Freelancing and transaction costs

In the six years of running my own consulting business, I’d forgotten about an essential part that you need to endure as part of a job – piecemeal work. It is fairly often when you’re working for someone else that you get work that is so tiny or insignificant that you can hardly take ownership of it. The best strategy for dealing with it is to quietly get it over with and hope you won’t get such stuff again.

However, sometimes you can get caught in a rut of continuously getting this kind of work, and start wondering what you actually signed up for. And this is one thing I hadn’t expected to encounter when I got back to full time working earlier this year.

Thinking about why I never had to encounter such stuff during my consulting life, I realised there’s a fairly simple explanation – transaction costs.

Being a consultant is high transaction cost business. Every time you need to take on a new piece of work, you need to go through the charade of negotiating specifics with the client, pricing and drawing up a contract. All put together, the effort is not insignificant.

Moreover, in the line of work that I used to do, there was this massive overhead cost of understanding, cleaning and getting comfortable with the client’s data  – the effort involved in that meant that after a particular point in time I stopped taking work that wasn’t chunky enough. For a while I started refusing such work, but then got smarter and started pricing myself out of such work (though some clients were generous enough to meet that price to get their little tasks done – effectively I’d passed on the transaction costs to them).

The downside of this, of course, was that there was a fair amount of money I could have made taking up small works which I didn’t since the transaction cost was too high – this can be thought of as potential lost revenues. The upside was that whatever work I did was of high quality and (hopefully) made a big impact on the client’s business.

In the nature of the firm, Ronald Coase wrote that the purpose of the corporation was that transaction cost of dealing with co-workers can be eliminated. But then, I realise that sometimes this transaction cost can also be a good thing!

Oh, and obligatory plug here – my book Between the buyer and the seller deals with transaction costs, among other things. It’s available for sale (both in print and digital) on Amazon.

 

Coase

In the wake of the passing of Ronald Coase, two incidents, both professional. The first was with an established company to whom I suggested a partnership – they are in a space where I don’t have much skill, but have access to companies who I would love to sell to, and they don’t have my skill and our skills are complementary. So I reached out to them (through common contacts) suggesting that we could work together. They came back to me saying they would love to work with me, but would want me to join them as an employee.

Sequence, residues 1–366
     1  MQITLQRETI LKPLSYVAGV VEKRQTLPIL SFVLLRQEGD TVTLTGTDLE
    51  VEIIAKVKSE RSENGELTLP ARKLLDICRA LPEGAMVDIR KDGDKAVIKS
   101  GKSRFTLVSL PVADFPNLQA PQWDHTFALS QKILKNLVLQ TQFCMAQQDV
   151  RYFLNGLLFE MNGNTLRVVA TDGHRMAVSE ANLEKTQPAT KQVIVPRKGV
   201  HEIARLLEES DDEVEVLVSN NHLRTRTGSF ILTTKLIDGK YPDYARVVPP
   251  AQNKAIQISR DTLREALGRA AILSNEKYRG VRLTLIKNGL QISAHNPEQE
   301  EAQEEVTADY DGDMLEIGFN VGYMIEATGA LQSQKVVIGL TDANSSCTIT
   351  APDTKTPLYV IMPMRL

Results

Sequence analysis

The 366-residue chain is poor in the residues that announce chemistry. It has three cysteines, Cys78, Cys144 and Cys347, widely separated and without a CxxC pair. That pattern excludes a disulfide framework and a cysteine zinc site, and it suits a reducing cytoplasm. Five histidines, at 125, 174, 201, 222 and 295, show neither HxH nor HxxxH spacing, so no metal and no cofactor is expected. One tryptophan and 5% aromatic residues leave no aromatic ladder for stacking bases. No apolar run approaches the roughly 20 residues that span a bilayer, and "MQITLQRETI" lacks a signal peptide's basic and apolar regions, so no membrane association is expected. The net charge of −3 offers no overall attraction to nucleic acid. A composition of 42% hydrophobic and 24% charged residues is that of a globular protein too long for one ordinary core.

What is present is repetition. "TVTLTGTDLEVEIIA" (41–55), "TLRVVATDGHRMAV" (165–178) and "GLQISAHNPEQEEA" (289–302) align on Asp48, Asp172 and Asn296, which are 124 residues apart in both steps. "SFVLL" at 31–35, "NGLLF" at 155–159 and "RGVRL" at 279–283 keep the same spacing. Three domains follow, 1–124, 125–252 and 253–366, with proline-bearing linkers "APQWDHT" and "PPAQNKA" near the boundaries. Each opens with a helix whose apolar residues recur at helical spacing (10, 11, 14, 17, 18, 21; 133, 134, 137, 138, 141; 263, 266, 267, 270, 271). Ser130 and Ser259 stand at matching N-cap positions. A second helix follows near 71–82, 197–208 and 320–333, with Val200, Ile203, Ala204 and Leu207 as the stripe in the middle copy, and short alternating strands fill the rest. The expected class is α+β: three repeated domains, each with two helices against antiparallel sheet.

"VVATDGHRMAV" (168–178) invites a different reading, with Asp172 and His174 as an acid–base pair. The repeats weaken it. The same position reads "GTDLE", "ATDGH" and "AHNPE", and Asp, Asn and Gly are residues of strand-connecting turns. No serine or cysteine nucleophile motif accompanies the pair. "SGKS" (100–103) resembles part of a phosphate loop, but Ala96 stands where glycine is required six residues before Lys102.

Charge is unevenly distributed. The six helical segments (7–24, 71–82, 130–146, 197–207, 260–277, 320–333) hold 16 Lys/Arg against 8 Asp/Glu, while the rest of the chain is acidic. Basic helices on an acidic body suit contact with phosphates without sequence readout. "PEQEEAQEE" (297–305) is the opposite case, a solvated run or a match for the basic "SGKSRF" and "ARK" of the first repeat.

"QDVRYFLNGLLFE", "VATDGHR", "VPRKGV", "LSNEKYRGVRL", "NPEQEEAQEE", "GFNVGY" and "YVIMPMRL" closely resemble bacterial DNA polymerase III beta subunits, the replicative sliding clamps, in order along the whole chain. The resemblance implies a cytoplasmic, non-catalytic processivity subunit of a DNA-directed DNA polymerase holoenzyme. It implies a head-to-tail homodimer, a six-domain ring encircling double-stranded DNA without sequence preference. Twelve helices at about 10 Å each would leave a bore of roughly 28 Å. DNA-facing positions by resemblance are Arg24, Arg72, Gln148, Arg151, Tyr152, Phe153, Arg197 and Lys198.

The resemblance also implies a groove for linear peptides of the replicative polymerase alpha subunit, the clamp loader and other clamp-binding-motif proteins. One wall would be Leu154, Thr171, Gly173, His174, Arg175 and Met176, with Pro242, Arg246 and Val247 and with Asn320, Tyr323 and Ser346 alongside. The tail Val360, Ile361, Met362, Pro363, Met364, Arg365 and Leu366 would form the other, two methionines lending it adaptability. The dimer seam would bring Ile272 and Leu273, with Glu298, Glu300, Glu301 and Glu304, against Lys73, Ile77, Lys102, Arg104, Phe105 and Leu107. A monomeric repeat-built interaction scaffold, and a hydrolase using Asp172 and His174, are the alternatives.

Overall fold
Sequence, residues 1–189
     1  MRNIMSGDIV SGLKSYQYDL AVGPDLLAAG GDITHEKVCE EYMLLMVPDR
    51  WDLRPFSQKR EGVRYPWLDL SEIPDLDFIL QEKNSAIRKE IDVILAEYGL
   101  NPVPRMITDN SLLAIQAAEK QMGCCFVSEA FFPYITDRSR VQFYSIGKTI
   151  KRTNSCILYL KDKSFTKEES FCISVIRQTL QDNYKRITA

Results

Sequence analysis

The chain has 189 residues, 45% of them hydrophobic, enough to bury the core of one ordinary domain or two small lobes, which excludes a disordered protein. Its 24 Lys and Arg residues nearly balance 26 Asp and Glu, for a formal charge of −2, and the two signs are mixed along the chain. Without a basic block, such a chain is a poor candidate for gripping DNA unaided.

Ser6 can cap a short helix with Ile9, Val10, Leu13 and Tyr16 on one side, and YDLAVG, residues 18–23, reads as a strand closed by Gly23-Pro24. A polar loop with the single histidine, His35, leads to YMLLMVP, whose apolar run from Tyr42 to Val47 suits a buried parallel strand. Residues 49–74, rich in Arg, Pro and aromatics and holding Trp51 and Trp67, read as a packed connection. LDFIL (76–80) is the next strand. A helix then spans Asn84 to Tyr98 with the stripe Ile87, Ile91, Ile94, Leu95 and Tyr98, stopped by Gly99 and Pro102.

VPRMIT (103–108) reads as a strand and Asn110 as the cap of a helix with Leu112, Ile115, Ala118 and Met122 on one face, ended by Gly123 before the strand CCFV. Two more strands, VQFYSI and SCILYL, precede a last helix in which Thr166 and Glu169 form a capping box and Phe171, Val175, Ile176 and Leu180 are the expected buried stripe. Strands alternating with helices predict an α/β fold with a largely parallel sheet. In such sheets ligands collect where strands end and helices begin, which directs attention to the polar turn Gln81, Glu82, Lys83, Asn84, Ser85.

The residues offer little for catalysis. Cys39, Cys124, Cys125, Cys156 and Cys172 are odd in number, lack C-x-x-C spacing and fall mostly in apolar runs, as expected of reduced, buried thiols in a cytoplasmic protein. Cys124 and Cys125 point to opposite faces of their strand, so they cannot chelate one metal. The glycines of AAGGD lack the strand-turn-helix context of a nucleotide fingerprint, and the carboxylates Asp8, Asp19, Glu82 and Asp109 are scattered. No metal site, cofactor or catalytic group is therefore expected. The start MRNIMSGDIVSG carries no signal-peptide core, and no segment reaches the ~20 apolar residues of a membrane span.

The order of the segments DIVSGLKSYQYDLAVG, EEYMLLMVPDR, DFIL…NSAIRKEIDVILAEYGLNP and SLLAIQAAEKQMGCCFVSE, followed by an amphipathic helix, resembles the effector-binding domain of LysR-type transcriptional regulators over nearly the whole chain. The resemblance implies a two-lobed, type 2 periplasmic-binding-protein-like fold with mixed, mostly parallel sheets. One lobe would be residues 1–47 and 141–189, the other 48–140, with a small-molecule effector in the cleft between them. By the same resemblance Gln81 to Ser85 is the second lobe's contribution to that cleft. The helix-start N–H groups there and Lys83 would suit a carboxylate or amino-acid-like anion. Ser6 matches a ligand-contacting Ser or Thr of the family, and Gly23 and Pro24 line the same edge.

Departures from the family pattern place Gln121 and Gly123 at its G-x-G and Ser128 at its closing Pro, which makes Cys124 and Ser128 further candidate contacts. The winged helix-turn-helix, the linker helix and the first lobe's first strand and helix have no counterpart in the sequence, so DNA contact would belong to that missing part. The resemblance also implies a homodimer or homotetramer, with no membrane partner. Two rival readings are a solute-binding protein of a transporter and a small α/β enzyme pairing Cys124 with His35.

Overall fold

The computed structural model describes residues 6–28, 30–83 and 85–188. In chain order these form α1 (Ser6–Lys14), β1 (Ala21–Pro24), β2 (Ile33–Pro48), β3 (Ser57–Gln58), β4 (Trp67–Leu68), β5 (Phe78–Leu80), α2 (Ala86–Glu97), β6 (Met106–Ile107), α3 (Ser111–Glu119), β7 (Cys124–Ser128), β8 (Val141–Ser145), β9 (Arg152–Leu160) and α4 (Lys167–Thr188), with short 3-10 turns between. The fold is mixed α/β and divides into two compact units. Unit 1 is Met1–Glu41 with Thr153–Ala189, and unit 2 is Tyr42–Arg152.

The second was an incoming lead. This was a rather small company doing something similar to what I’m doing but with bigger ideas. They want me to join this “innovation hub” they are trying to create. This is a loose federation they are creating including professionals from various fields. Nobody is obliged to work full time for the hub, but this gives people an opportunity to get together and work together on projects where their respective expertise can combine well.

As the more perceptive of you who would have read every Coase obituary in the last two weeks would have figured out, the piece of work that Coase is most well known for is about the theory of the firm. The question is rather simple – why should you and I get together and form a firm if we have to work together, if we can remain independent and just come together for projects. The answer lies in transaction costs.

The advantage of coming together as a firm is that you negotiate only once. Let us suppose you are a graphic designer and I’m a data scientist. If we decide to work together on a visualization project, how do we decide how much you get and how much I get? We will need to negotiate. Let’s say we negotiate and agree on a price. And complete a project and split the spoils. What would happen the next time we were to bid for a project? We will need to negotiate again on how we will share the spoils.

If on the other hand we were to form a partnership firm, then for every project that we do, our respective share is fixed! Thus we don’t have to negotiate before every single projects. Thus, firms exist so that you don’t have to repeatedly negotiate.

However, there is a downside to this. What if I form a firm with a graphic designer, and then we see a significant opportunity in projects that involve a lot of analysis but little visualization? In that case, I have no use of my partner, and would loathe to pay him his share of the profits. Or consider if I were to somehow become much better at my job, while my partner stagnates. There is little I can do, for we’ve been locked in into the financial arrangement.

These are only some of the complications that arise when you need to decide whether you want to become a firm. I just thought it is pertinent that I’m having some of these dilemmas (employee versus consultant versus partner versus member of federation) in the few weeks after Coase’s passing.